We’ve all heard about the massive food waste Americans incur every year.
'Sell-by', 'best-by' and 'use-by' dates are mostly unregulated and confusing for consumers when it comes to throwing items out --a factor that contributes to $165 billion of food wasted every year.
But the former president of Trader Joe's Doug Rauch says he’s got a solution.
In May, he’s launching The Daily Table, a grocery store and restaurant in Dorchester, Mass., that will offer inexpensive food considered 'unsellable' by regular grocery stores.
Food available will include fruits and vegetables that are expired and repurposed food that will be incorporated into hot meals. Other items for sale will be products that are fine to eat but may have damaged packaging.
“Most families know that they’re not giving their kids the nutrition they need. But they just can’t afford it, they don’t have an option,” Rauch recently told Salon.
His big idea: Make healthy food available for the working poor at the same price as fast food by using expired food.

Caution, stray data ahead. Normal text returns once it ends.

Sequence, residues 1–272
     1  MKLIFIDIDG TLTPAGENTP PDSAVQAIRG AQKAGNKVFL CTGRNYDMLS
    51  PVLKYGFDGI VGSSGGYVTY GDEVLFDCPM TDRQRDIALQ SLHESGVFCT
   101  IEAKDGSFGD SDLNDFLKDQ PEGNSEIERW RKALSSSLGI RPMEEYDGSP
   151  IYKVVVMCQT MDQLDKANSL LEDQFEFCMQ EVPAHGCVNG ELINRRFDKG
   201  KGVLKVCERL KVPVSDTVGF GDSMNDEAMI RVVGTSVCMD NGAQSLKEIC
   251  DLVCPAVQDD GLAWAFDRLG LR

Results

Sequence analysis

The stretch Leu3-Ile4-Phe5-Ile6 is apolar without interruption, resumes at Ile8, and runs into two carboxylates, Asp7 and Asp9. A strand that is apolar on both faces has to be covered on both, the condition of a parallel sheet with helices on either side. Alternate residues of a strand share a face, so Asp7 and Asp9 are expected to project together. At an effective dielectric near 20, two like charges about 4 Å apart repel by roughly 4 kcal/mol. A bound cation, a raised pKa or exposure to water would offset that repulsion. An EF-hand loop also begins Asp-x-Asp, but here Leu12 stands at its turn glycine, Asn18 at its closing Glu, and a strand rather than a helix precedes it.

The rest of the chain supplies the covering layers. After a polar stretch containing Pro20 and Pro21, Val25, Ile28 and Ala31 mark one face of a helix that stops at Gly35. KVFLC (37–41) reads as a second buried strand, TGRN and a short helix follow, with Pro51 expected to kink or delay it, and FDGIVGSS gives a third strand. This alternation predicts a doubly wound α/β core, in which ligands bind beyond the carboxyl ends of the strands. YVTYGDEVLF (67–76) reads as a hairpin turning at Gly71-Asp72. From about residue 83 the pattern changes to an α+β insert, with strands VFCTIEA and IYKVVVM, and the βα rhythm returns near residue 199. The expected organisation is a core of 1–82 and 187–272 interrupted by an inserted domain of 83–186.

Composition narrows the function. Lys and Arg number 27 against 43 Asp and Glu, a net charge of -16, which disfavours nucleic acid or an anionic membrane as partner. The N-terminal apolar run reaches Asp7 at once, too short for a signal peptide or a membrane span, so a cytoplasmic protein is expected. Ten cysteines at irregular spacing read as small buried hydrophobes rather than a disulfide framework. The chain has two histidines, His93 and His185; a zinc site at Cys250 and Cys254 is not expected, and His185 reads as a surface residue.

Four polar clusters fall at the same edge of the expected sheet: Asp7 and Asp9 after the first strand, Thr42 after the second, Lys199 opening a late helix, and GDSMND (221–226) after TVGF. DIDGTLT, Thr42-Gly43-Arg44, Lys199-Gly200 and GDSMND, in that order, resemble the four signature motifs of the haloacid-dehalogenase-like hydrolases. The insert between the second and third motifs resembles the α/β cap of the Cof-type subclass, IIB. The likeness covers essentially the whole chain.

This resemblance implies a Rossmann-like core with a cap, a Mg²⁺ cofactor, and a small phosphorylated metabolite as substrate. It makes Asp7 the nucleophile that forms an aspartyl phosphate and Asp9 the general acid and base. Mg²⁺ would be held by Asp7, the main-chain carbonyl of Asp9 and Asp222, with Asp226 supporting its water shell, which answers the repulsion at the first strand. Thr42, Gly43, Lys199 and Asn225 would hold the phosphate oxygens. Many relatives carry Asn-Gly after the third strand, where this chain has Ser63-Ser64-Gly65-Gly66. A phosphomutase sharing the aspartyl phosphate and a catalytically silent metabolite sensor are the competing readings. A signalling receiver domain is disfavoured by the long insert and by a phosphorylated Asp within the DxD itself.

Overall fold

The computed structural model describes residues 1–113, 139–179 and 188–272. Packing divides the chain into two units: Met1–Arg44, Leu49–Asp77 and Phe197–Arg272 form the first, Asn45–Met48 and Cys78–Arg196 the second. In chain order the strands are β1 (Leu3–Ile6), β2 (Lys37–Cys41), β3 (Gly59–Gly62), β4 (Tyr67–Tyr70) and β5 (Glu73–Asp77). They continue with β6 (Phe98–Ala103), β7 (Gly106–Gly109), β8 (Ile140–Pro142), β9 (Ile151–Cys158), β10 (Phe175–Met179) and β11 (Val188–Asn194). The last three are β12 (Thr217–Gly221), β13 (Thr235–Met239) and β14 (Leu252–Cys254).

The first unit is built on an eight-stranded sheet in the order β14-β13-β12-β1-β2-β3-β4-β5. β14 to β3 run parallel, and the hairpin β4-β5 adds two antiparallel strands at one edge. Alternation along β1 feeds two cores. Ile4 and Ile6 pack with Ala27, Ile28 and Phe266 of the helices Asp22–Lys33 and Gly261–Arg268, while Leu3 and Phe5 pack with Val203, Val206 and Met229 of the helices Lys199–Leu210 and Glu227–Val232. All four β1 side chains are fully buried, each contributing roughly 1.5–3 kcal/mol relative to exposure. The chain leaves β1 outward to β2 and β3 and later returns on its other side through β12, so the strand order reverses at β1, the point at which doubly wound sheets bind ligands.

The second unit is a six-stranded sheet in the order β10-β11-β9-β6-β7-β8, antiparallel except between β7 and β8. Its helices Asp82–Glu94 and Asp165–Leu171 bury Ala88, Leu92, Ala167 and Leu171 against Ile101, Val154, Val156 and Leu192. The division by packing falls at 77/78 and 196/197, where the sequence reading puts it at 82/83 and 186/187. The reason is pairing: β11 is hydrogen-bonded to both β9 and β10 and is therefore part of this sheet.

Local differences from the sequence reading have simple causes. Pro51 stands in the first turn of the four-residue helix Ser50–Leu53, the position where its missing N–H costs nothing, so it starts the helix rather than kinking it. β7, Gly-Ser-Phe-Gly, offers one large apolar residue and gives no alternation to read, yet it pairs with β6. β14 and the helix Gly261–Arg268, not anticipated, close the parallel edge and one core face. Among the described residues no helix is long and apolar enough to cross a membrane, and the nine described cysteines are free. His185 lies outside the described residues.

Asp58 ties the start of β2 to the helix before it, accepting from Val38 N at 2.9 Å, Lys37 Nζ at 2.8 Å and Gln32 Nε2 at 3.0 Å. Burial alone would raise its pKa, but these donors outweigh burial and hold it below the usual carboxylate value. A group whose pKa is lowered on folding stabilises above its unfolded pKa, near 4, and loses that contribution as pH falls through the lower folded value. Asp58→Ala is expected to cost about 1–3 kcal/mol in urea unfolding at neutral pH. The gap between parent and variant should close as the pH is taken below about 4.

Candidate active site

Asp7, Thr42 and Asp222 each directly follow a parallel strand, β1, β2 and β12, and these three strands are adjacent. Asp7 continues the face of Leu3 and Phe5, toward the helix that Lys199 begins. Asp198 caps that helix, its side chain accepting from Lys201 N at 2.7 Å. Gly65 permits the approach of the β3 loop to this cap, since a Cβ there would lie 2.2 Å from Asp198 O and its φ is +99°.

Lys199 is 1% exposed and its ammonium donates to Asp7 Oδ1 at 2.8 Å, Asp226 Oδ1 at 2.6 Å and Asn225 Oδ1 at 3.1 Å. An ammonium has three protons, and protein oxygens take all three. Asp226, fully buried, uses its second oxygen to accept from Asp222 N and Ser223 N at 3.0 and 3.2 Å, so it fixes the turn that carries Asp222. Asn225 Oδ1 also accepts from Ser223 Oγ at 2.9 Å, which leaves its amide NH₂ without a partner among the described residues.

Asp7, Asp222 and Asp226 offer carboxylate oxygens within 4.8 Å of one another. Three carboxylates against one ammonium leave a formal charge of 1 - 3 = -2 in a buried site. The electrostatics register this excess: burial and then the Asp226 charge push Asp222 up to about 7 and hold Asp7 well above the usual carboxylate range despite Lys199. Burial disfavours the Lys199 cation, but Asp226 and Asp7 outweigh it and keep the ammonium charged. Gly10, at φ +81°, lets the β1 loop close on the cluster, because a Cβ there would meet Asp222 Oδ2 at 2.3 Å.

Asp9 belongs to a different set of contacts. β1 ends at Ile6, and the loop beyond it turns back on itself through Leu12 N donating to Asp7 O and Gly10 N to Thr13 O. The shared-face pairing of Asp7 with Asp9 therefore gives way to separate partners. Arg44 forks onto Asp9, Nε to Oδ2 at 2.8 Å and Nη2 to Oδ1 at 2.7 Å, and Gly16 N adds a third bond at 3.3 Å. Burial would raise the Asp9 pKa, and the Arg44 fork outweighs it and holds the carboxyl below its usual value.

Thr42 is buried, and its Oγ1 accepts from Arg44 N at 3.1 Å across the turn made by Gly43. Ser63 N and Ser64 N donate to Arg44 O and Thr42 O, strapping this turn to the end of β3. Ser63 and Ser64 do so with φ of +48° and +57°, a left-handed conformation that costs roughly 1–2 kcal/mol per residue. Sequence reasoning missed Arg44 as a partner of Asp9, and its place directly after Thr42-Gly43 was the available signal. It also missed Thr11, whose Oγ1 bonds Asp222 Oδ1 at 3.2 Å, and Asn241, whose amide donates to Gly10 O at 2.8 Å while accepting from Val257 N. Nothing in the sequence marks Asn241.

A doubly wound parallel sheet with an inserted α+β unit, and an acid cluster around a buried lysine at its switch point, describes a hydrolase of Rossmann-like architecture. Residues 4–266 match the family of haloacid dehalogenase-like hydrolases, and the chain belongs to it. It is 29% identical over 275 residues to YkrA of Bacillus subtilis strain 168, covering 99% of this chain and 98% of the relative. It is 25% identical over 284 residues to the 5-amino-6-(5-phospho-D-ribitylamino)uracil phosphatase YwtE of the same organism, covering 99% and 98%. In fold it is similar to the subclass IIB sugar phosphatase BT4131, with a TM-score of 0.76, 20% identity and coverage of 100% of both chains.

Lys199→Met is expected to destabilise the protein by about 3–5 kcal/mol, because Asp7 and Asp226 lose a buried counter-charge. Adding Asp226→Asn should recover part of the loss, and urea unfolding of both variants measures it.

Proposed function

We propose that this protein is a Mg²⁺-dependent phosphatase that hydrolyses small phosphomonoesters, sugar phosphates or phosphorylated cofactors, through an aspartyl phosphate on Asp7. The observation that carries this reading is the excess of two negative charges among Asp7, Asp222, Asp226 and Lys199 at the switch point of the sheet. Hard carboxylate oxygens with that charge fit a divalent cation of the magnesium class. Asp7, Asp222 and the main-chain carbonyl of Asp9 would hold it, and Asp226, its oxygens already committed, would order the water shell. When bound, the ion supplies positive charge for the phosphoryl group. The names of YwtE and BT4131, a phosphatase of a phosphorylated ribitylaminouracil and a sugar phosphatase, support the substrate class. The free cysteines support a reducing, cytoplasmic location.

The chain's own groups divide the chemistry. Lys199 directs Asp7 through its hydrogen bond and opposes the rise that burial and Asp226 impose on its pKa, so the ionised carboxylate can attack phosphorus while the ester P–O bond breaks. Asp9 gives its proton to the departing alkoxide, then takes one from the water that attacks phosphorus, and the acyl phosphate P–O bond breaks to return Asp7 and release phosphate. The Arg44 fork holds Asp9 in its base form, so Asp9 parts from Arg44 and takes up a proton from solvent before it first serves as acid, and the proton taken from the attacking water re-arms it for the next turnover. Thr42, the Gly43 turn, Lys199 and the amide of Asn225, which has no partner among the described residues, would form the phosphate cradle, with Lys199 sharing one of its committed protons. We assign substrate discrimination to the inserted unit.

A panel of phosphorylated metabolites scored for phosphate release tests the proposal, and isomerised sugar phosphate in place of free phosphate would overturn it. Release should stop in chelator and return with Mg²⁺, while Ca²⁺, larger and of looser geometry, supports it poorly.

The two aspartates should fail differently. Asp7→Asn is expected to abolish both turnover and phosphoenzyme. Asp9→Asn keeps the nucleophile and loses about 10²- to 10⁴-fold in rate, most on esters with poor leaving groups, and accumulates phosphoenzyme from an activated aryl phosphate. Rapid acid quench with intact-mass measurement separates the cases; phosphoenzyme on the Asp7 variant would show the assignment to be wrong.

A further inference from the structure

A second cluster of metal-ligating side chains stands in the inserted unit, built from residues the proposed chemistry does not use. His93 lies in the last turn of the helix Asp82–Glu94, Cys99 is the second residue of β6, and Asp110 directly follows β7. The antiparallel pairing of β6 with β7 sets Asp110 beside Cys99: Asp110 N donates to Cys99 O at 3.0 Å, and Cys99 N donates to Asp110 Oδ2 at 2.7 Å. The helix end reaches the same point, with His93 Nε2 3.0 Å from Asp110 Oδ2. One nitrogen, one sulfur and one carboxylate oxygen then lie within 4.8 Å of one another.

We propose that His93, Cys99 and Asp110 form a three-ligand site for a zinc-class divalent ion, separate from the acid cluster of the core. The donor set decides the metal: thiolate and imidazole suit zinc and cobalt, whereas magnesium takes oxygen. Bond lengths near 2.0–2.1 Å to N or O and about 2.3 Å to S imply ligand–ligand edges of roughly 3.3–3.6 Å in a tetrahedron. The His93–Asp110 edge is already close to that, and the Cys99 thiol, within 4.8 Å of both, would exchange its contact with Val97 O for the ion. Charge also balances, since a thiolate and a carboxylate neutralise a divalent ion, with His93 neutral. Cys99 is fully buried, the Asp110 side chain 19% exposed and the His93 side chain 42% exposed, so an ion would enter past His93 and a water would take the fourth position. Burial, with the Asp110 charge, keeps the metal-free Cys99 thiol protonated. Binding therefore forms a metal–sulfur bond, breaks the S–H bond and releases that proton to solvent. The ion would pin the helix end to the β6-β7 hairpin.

A recent report from the Natural Resources Defense Council and Harvard Law School's Food Law and Policy Clinic says Americans are prematurely throwing out food, largely because of confusion over what expiration dates actually mean.
Dana Gunders with the Natural Resources Defense Council and co-author of the study, said that as much as 40 percent of food in the U.S. –or the equivalent of $165 billion-- is wasted, thrown away to fill our landfills after spoiling in the refrigerator or pantry.
Although Daily Table will be setup as a non-profit, it is a retail store, not a food bank or a soup kitchen.
Rauch is hardly the first to sell expired food or slightly damaged items deemed unsellable for cosmetic reasons. Discount supermarkets already offer many of the same items, but don't sell prepared food.
Yet, critics have accused Rauch of taking rich people’s food, repurposing it, and selling it to the poor, something he just shrugs off.
“I might say, without naming the names, one of the leading, best regarded brands in the large, national, food industry — they basically recover the food within their stores, cook it up and put it out on their hot trays the next day,” Rauch said in an 2013 interview with NPR. “That’s the stuff that we’re going to be talking about. We’re talking about taking and recovering food. Most of what we offer will be fruits and vegetables that have a use-by date on it that’ll be several days out.”
So would you go shopping at The Daily Table or think it's a good idea? Let us know what you think.